At April 07, 2007 8:52 AM, Blogger Mike Hu said...

As long as the secularists can make it specific -- about some improbable deity not like everybody else, then the lesson is not universal and valuable to all -- to ask of themselves, "What would I do?"

That's why "liberals" are such hypocrites, proclaiming how noble they are, when they are usually to be caught up in the lynch mobs, yelling in the cameras, "Crucify him!" -- as their 15 minutes of fame they will not pass up.

The mass media knows how to exploit such indivdiduals -- who can never turn down a chance for a vicious personal attacks that make them the day's mass media icons.

At April 07, 2007 10:25 AM, Blogger Mike Hu said...

Power is a test of leadership.

Most people given power, will self-destruct because they have not prepared all their lives to handle it. The true leader will know how to make the most of that opportunity — and not abuse it, thinking that it is their entitlement.

In this vein, the proper strategy for those who win the lottery is to receive the winnings over a longer time — during which they can learn how to manage wealth and prosperity rather than having it dumped into their laps in a lump sum, when they are not prepared to deal with it — usually causing them to quickly be in a worse position than before.

A hundred million at once is definitely not going to make them better off than a million a year for the next fifty years will — and they will have something to look forward to each year also. The science of happiness and prosperity is not difficult — unless one gets greedy.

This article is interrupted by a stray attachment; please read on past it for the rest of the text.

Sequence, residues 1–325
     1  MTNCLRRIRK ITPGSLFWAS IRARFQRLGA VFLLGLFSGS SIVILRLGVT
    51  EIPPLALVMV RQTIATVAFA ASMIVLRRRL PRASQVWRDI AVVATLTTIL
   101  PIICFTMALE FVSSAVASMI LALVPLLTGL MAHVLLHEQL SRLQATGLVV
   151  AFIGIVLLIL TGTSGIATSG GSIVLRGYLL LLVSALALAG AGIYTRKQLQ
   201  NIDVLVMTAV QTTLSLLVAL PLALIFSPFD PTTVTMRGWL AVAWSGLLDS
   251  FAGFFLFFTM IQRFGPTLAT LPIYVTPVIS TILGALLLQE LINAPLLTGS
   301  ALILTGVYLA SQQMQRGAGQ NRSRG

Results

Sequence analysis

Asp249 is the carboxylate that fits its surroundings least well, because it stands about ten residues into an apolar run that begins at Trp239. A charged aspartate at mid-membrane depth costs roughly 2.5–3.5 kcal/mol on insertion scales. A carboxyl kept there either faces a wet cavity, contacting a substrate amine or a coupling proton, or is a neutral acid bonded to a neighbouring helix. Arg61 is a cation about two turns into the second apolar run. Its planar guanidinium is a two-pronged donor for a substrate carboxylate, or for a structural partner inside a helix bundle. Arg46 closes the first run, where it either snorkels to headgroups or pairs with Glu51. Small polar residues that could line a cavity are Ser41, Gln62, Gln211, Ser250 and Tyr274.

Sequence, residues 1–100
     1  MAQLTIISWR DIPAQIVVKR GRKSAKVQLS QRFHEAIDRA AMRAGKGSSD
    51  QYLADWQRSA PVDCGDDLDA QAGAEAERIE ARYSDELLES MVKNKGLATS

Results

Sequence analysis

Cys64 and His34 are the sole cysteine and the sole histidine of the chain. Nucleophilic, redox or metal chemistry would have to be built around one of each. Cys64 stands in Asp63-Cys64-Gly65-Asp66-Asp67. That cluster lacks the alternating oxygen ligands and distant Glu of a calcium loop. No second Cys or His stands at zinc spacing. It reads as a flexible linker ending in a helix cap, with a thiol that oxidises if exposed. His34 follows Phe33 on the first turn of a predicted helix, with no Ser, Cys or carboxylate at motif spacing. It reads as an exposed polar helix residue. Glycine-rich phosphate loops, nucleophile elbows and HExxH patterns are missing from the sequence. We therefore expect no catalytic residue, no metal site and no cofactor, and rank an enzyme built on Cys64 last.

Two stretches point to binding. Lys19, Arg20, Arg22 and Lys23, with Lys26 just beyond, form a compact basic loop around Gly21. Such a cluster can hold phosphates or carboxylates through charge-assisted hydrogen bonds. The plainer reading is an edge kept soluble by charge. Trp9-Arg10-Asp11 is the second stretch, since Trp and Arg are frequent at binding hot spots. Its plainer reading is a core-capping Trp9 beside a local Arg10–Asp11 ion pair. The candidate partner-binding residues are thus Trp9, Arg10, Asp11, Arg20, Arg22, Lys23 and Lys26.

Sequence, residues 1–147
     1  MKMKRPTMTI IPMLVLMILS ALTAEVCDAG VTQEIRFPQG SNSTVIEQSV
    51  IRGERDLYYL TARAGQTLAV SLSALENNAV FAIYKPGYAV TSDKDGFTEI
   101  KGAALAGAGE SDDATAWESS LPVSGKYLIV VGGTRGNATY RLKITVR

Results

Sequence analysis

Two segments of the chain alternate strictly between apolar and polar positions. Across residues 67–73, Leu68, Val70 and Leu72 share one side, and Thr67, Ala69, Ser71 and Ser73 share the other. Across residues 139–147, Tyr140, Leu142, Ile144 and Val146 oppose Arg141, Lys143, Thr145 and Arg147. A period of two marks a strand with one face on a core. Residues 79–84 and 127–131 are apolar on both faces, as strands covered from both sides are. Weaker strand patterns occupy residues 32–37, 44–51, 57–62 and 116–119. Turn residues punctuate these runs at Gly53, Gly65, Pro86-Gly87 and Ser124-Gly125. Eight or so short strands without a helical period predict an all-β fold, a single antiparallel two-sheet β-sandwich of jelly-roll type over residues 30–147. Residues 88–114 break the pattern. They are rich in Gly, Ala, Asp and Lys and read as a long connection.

Those who get greedy, are those not used to handling power or any good fortune — and thus, it will reveal the person they are. Most people are not great people and are destroyed by the power that makes a rare few the leaders they reveal themselves to be.

That’s the fallacy of such studies — purporting to observe greed, or power, happiness, or some other generalization. Individuals respond individually and uniquely — depending on the person they are and reveal themselves to be. That is the important discovery.

Winners find a way to win — and make the best of every circumstance, while losers will lose no matter how advantageous their situation. Unfortunately, that’s not what they’re studying and so miss the greater significance entirely — and argue and debate strenuously over that which is not important to identify.

Power corrupts those who are corruptible.

Those of honesty and integrity are not corruptible; that’s what one should learn — and not that power corrupts everyone equally. That’s what the corruptible would like everyone to believe — and so that is their excuse for being so corrupted.

Those of despicable behavior will always claim, “Everybody else does it, why shouldn’t I?”

Everyone doesn’t — but that’s what they would like everyone to believe, to excuse their inexcusable behaviors, ie., liberal hypocrisy.